The current standard is to vary shutter speed for shooting exposure bracketing sequences. If you'd vary aperture instead, you would also vary the depth-of-field, which is a bad thing because then you get fringing artifacts when you generate the HDRI.

But not anymore. Some crazy folks from the University of Toronto figured it all out, turning this obvious weakness into an advantage! Their new algorithm can not only avoid registration artifacts, they can even use the slight variances in the depth-of-field to create some kind of Über-HDRI where you can set the focus anywhere you want.
Projects website

Their method reads like inverse ray-tracing to me. Apparently, they analyze the tiny variances caused by aperture changes to split the image into several layers. These layers are then treated like cutout-cards in a 3D space: You can set them all in focus, or specify a tight focus range that is on one specific layer, or even somewhere between these layers. Good stuff!
Check out the movies on their project's website, and even if you're not a math fanatic you can safely read the first and the last page of their paper.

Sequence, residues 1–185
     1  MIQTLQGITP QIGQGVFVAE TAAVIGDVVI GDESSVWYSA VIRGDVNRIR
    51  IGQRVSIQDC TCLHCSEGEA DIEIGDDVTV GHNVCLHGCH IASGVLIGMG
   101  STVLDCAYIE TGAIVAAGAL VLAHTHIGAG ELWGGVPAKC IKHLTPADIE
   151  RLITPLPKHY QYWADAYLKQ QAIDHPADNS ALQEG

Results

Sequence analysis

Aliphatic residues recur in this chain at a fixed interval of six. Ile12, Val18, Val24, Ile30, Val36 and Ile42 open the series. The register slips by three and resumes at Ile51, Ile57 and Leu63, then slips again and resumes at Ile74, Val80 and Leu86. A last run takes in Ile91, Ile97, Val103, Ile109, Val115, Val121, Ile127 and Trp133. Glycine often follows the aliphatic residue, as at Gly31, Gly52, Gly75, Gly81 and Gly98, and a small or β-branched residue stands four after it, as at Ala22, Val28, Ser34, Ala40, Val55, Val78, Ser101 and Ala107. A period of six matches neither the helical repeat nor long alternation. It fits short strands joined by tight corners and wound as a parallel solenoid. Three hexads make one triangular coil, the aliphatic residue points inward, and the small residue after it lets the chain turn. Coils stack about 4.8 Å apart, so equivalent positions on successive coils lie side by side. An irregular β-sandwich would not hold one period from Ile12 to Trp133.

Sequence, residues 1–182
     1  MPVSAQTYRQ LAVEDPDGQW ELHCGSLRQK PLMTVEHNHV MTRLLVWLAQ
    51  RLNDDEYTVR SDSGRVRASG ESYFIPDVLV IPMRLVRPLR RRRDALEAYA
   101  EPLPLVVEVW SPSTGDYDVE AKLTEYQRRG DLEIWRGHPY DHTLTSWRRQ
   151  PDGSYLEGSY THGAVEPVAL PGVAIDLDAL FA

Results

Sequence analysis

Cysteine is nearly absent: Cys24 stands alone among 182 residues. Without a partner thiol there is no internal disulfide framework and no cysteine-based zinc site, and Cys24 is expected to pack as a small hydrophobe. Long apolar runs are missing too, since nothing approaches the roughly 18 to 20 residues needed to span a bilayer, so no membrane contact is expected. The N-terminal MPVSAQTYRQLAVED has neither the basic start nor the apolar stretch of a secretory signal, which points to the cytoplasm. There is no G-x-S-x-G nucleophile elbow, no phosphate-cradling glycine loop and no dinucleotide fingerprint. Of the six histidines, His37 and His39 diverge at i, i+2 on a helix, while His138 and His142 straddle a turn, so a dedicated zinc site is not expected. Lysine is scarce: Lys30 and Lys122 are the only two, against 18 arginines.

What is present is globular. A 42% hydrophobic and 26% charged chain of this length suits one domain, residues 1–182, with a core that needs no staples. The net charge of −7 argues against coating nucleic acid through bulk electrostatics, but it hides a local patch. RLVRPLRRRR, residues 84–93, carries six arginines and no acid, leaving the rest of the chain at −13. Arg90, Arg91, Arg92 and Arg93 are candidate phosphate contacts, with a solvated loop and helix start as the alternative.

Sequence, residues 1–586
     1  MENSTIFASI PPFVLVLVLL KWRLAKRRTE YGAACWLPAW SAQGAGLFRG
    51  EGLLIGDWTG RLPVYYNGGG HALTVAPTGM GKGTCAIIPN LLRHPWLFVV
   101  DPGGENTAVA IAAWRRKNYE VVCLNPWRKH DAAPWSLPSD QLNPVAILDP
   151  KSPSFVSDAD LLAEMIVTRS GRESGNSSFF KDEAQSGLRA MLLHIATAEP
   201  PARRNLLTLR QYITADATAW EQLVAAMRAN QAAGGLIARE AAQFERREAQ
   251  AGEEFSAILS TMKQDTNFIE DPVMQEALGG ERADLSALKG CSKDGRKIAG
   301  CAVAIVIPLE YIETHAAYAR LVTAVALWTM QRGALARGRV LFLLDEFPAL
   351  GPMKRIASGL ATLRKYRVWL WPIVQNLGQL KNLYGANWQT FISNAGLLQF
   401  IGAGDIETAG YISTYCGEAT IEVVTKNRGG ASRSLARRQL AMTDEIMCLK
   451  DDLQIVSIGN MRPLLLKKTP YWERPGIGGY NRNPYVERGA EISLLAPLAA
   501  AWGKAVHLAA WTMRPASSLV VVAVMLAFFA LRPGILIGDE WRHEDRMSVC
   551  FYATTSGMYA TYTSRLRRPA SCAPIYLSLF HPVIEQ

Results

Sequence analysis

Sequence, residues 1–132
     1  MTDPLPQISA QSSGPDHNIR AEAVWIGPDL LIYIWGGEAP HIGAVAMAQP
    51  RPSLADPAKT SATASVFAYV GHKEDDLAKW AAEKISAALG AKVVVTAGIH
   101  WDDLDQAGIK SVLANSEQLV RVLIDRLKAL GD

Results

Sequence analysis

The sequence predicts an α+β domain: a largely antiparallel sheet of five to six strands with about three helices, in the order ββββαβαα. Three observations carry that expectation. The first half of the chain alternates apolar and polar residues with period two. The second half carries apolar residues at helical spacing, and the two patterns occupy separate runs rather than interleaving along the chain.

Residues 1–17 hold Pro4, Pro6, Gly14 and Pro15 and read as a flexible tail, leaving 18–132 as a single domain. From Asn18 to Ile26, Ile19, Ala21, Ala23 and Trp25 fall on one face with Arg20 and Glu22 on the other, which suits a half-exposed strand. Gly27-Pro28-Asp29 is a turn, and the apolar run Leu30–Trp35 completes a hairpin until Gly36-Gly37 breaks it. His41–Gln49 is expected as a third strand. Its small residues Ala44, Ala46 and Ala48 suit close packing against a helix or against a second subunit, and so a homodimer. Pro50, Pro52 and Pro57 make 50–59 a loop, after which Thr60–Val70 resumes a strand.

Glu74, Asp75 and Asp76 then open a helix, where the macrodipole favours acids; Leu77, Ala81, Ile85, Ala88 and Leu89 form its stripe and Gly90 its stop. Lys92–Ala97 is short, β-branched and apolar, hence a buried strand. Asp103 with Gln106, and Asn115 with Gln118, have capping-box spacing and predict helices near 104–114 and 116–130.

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The HDRI Handbook goes to print

Yes! Finally!

Since last week the book is officially out of my hands. Highly skilled print professionals will take it from here, mass-producing big stacks of colored paper that will soon ship to your door. They also make totally legal copies of the Companion DVD, which by the way is going to be filled up with 4.37 Gigs of goodies for you!

Here are some assorted numbers from the final book:

  • 344 full-color pages
  • roughly 100.000 carefully chosen words
  • about 500 photos, renderings, screenshots
  • 5 super-slick comparison tables
  • put in 1400 work hours in 10 months
  • 4 years of preceeding research
  • grew 17 grey hairs, my first ones